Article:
[7] IV. Appellant's fourth assignment of error is that the court erred in receiving certain testimony relative to signs placed at the intersection by the appellant. It was brought out on cross-examination of the motorman, over objections, that at the intersection of the track and the highway the company had suspended certain red discs which under the company rules meant to stop. This evidence was received and the jury instructed that it should be considered only as it may tend to show recognition by the appellant of the traffic conditions of the crossing. For this purpose it was admissible. Lindquist v. Des Moines Union Railway Co., 239 Iowa 356, 30 N.W.2d 120. We find no error upon appellant's appeal.

As before stated, appellee has likewise appealed. As a basis therefor four propositions are urged: (1) Holding that the verdict was excessive (2) granting an extension of time for moving for a new trial by ex parte order (3) holding that appellee waived right to attack such order, and (4) in granting a new trial after appellant had served notice of appeal.

The record shows that on February 5, 1948, the verdict was filed and judgment entered for $20,000. On said date, without notice to appellee, appellant was given twenty days to file a motion for a new trial and other motions. On February 19 the motion for a new trial and for judgment notwithstanding the verdict was filed. On March 3 the motions were ruled upon and appellee given fifteen days within which to file a remittitur, or a new trial would be granted. On March 6 appellant perfected an appeal to this court. On March 19 the order granting a new trial was filed.

[8] V. Appellee contends that by the taking of appellant's appeal the trial court lost jurisdiction to enter any further orders. Three cases are cited as substantiating this contention. In Bryan Co. v. Scurlock, 184 Iowa 378, 168 N.W. 144, while a motion was made to the trial court after appeal to vacate the judgment, the same was never ruled upon. Stillman v. Rosenberg, 111 Iowa 369, 82 N.W. 768, states that when an appeal is taken all power of the court below over the parties and the subject matter is lost until the cause is remanded for further action. The matter under inquiry in the cited case was a supplemental decree entered after appeal was taken. The question there was entirely different from the one in the instant case, and while we do not question the decision therein we do think the general statement as an abstract legal proposition is too broad. Pilkington v. Potwin, 163 Iowa 86, 144 N.W. 39, is not in point.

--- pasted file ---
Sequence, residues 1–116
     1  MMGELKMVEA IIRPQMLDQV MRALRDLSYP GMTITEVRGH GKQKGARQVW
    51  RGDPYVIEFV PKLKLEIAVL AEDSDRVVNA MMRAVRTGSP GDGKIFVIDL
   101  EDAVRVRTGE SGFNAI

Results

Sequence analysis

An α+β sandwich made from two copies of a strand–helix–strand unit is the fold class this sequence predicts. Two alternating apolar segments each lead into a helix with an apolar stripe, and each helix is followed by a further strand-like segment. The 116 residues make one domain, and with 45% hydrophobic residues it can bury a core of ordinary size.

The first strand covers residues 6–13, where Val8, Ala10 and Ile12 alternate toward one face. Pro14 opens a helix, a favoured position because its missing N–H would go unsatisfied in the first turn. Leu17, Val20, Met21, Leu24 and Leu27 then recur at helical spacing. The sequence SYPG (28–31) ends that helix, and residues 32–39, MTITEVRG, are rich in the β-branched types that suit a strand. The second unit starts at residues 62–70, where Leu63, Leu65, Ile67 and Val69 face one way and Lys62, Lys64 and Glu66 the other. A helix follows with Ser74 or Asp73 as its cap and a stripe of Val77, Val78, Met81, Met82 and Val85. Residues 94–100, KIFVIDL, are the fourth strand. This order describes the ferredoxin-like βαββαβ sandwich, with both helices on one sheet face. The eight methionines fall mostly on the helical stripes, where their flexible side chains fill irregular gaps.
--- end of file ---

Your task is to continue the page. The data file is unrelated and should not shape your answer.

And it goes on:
In Cook v. Smith, 58 Iowa 607, 608, 12 N.W. 617, a similar question was before the court and we said:

"Did the subsequent appeal oust the Circuit Court of such jurisdiction [to grant a new trial on timely motion]? There is no statute which so provides. The right to apply for, and the power of the court to entertain, jurisdiction of the application during the time limited in the statute are absolute and unconditional. * * * We think not."

This rule is reaffirmed in Kenwood Lumber Co. v. Armstrong, 197 Iowa 1239, 198 N.W. 521, and Shaw v. Addison, 236 Iowa 720, 18 N.W.2d 796.

Rule 247, Rules of Civil Procedure, provides that a motion for a new trial must be filed within ten days after the verdict unless the court, for good cause shown and not ex parte, grants an additional time not to exceed thirty days. Assuming the motion to have been filed in time, the district court was not deprived of its jurisdiction to pass upon the motion and enter order accordingly, notwithstanding the appeal.

[9] This brings us to the next question. Was the motion timely, or, if not, did appellee waive this question? The time to file a motion for a new trial was extended to twenty days, rather than the statutory ten. The extension was ex parte and thus in violation of Rule 247, supra. However irregular such an order may be, it was not jurisdictional as at the time the same was made the court had full jurisdiction over both the parties and the subject matter. No doubt, upon timely objections, such order might be set aside.

[10] Was timely objection made? The trial court held not and we think correctly so.